Recent Tutoring Session Reviews
"Today's lesson was split into one hour of logic games and one hour of logical reasoning. We focused on grouping logic games, again looking to setup strategies and logic chains. We did some timed work with logical reasoning, with the goal of completing the first 10 questions in ten minutes with accuracy. We talked about some annotation strategies and reviewed similarities in the question types."
"Today we started with a general introduction to the format of the LSAT, how to approach the questions, time management, scheduling during the exam, study and learning methods, and some information about how the test is scored and how your raw score translates into the reported score. She was having the most difficulty with Analytical Reasoning- logic games - so we agreed to tackle those first. I laid out a two week plan to master logic games and got started. First, we discussed why the right approach is so important, and I laid a foundation in logic, symbols, and diagramming. We discussed question types, and I explained that we would concentrate on the two most common types - linear and grouping- first. We partially diagrammed a few examples and I helped adapt the method she was already using into a proven one. I also discussed her learning type- which, it turns out, is very balanced, so I combined aural, visual, and kinetic instruction methods- I used props and hand gestures, drew diagrams, explained things orally, AND made HER draw the diagrams herself. I left her with several diagramming exercises, instructed her on how to make flash cards to develop a second-nature familiarity with the rules of logic and symbols relevant to LSAT logic games, and started the first practice logic game to transition from our tutoring session into self-study. As we completed the second question in this first game we had an ah-ha moment! She saw in action how the diagramming and symbolic interpretation of the rules of the game paid off and allowed her to answer a difficult question quickly and easily. Her confidence seemed boosted and I could tell from the smile on her face that she was really starting to get it! I left her with instructions to find 2 books to help her master the games. I had some pages printed from the books so we could get started today, but explained that its impractical for me to print 600 pages of material and that the books would serve her well. I encouraged her to get more than one as reading and visualizing the explanations from multiple perspectives can help a concept "click" where one book might not have explained it in a 100% clear way. We agreed to meet Wednesday, and we plan to tackle linear games more in depth and, hopefully, start grouping games. By next week I want to have her doing practice logic games in a timed setting to get her speed up and make her comfortable with the format of the test."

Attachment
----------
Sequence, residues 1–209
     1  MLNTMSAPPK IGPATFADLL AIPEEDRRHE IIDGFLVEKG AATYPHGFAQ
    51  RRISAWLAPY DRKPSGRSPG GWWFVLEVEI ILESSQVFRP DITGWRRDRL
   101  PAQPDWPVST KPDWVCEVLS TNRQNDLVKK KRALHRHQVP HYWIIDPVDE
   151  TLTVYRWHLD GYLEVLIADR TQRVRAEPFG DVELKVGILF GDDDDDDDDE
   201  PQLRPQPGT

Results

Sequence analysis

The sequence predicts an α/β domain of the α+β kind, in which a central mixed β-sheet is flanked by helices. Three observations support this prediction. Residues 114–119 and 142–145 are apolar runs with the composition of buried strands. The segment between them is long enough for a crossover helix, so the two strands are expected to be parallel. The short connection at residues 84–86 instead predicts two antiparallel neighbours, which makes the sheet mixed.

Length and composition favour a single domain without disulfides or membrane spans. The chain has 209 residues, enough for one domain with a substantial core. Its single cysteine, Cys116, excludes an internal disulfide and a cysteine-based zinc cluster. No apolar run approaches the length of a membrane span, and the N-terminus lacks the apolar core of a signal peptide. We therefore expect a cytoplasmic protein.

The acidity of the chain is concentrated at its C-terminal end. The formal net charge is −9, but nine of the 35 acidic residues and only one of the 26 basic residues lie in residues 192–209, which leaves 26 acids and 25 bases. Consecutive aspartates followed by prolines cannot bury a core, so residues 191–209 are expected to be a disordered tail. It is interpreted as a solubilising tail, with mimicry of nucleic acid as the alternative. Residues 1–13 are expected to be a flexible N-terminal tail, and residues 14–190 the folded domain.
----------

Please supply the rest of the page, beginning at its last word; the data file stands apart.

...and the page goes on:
"In this session we covered the basics of both logical reasoning and logic games questions. We discussed the fundamentals of how to attack a logical reasoning question (isolating the conclusion, finding the support, attacking the argument) and practiced with some basic assumption and necessary assumption questions. From there we moved on to the basics of how to diagram a sequencing game and the rules within a sequencing game before attempting a few example questions."